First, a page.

April is Fertility Awareness Month.
Let’s Talk Infertility
Infertility. It can be a scary thought, right? Especially when you want nothing more than to conceive with ease. Take a deep breath though because infertility might not necessarily mean exactly what you think it means. In fact, there’s a whole host of misconceptions floating around out there on the good ol’ world wide web that would be enough to make any couple want to give up before they’ve even started. Since that’s the last thing I want for you, I’ve decided to explain a few things about infertility in a general sense so that you can take it on head first, armed with knowledge.
What is infertility?
Infertility is generally defined as the inability for a woman to become pregnant after at least a year of trying to get pregnant. Infertility can also include women who have conceived successfully but have miscarried more than once. If this is you, don’t panic. Between 2006 and 2010 12% of married women aged between 15 and 44 struggled with infertility. (2006-2010 National Survey of Family Growth, CDC)
Does infertility happen only in women?
No. In fact, failure to conceive is a fairly even split between infertility in women and infertility in men. In about 33% of cases, infertility is in women, 33% is in men, and the remaining 33% is caused by either unknown circumstances or a combination of issues shared between male and female partners.
What are some causes of infertility in women?
There are a number of different factors that can play into increasing a woman’s risk for infertility or causing it outright. Some of the most common causes are:
- Early Menopause (Primary ovarian insufficiency) – This occurs when a woman’s ovaries stop working resulting in menstrual cycles stopping before the age of 40.
- Pelvic Inflammatory Disease (PID) – While PID isn’t the direct cause of infertility, it can increase risk if the fallopian tubes become blocked or damaged as a result of the infection.
- Abnormalities in reproductive organs – Abnormalities can include, but are not limited to, polyps or noncancerous tumors in the uterus or in the uterine wall. Even an abnormal shape of the cervical opening or of the uterus itself can cause infertility.
- Hormonal disorders – These disorders are caused by an imbalance of the hormones that our bodies naturally produce. When these imbalances occur, they can cause things like polycystic ovary syndrome, which can negatively impact the menstrual cycle, among many other serious issues.
How long should we try before asking your doctor for help?
If you’re under the age of 30, there’s no need to worry if it takes a little time to get pregnant. However, if you’ve been trying for a year or more with no success, it’s probably time to speak with your doctor. As women age their chances of getting pregnant decrease quite rapidly. This is why women over the age of 30 who have been trying to get pregnant for 6 months or more should contact their physician.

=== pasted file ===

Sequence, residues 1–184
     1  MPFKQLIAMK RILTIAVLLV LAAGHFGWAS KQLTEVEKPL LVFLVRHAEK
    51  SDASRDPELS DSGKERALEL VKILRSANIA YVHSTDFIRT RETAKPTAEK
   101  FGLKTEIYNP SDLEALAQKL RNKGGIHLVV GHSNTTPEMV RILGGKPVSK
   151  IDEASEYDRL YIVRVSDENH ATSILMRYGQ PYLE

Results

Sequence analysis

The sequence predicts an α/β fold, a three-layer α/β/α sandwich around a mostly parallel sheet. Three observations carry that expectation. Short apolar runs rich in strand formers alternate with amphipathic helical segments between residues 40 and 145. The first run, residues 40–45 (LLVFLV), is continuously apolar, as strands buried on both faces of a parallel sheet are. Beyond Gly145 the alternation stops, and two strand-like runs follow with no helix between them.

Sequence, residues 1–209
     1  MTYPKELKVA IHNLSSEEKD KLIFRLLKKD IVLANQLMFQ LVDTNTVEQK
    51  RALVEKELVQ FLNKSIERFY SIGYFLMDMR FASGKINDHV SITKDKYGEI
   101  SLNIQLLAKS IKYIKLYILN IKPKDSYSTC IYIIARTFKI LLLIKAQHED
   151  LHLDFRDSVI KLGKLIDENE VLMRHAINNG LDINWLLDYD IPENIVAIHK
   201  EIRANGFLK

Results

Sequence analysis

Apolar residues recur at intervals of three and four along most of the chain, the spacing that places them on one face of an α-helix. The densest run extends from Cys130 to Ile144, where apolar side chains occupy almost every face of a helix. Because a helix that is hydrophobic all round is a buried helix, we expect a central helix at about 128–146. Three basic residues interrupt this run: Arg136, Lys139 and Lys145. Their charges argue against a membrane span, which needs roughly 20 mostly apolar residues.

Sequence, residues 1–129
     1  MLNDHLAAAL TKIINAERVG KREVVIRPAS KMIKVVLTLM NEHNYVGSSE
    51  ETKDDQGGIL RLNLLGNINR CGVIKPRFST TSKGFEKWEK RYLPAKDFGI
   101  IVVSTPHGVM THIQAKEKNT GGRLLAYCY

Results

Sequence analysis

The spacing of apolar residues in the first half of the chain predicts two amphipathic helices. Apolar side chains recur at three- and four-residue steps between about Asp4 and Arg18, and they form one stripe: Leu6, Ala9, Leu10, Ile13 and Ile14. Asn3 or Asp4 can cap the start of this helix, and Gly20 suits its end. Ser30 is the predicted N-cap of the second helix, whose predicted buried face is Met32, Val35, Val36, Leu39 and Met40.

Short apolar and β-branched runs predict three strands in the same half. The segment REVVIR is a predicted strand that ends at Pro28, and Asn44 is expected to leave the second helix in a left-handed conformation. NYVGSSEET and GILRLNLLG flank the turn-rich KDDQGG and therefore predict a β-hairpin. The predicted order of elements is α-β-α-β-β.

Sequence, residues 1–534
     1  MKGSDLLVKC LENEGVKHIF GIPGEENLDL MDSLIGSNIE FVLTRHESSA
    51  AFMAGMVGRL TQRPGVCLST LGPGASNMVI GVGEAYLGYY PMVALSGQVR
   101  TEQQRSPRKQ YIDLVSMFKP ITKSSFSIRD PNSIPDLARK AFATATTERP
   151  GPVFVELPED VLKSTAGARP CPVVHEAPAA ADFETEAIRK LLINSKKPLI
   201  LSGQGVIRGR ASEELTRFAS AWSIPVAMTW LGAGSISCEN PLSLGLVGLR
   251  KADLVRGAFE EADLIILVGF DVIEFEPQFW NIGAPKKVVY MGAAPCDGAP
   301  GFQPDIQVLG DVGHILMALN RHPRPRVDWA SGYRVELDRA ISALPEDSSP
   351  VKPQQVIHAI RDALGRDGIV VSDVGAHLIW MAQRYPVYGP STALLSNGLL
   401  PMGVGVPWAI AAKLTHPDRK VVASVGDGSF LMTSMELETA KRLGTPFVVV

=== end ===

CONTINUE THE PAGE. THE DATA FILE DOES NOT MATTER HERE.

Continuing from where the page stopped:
How will my doctor know if my partner or I are infertile?
Initially, your doctor will attempt to rule out many common issues by asking a series of questions and completing physical exams. If there’s nothing obvious like irregular menstrual cycles, something in your medical history, or ill-timed intercourse, your doctor will want to run tests. It’s important to know that this process can sometimes take months so be patient and don’t get discouraged.
How is infertility treated?
Remember that part about not getting discouraged? Well here’s why: There are multiple different treatments and approaches that can be taken to combat infertility. Depending on your specific diagnosis, your doctor can decide the best course of action or combination of treatments for you and your body. Some treatment options include, but are not limited to:
- Medicine – Certain reproductive issues can be managed by simply taking certain medications.
- Hormone Therapy – This is primarily used in cases where there’s a hormone imbalance causing infertility issues.
- Surgery – While, most doctors like to try other options first, sometimes it becomes necessary to perform surgery to correct certain abnormalities.
- Artificial insemination – This is an approach commonly used in cases where either the female suffers from endometriosis or when the male suffers from low sperm count. It’s performed by a doctor who deposits sperm directly into a woman’s uterus, cervix or fallopian tubes.
- Assisted Reproductive Technology (ART) – There are several different forms of ART that include some combination of removing a woman’s eggs so that they can be fertilized outside of the body and then returning them back to the body once they become embryos.
Even if you and your partner have struggled to get pregnant, by no means does that mean you should throw it the towel. Work with your doctor to pinpoint your specific issues so you and your partner can work towards a solution and a happy, successful pregnancy together.
Did you find this article helpful? If so, let me know in the comments. Please also Like and Share with someone who you think could benefit from this information. For more articles like these, you can visit my blog here. Thanks for stopping by. Come again soon!